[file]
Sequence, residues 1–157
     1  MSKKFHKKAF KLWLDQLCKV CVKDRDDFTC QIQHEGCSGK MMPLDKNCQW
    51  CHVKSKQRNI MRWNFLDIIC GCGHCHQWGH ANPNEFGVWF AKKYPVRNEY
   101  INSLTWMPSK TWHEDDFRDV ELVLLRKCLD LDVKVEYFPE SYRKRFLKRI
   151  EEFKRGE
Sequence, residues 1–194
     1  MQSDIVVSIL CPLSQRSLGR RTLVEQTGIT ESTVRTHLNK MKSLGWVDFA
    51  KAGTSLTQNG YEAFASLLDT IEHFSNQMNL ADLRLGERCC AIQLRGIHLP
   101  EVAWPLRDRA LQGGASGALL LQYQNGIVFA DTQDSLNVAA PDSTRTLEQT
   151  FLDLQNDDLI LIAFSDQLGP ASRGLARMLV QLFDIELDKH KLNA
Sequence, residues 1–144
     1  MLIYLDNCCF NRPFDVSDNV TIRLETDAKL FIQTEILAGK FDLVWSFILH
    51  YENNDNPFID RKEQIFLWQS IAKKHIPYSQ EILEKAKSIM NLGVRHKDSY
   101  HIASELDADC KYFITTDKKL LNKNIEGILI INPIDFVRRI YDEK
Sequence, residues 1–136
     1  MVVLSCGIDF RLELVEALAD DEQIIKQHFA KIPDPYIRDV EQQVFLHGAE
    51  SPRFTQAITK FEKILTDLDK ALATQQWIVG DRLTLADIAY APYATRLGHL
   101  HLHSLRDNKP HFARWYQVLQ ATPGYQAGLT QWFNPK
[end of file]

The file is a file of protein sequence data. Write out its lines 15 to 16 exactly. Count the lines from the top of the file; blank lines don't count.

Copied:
Sequence, residues 1–136
     1  MVVLSCGIDF RLELVEALAD DEQIIKQHFA KIPDPYIRDV EQQVFLHGAE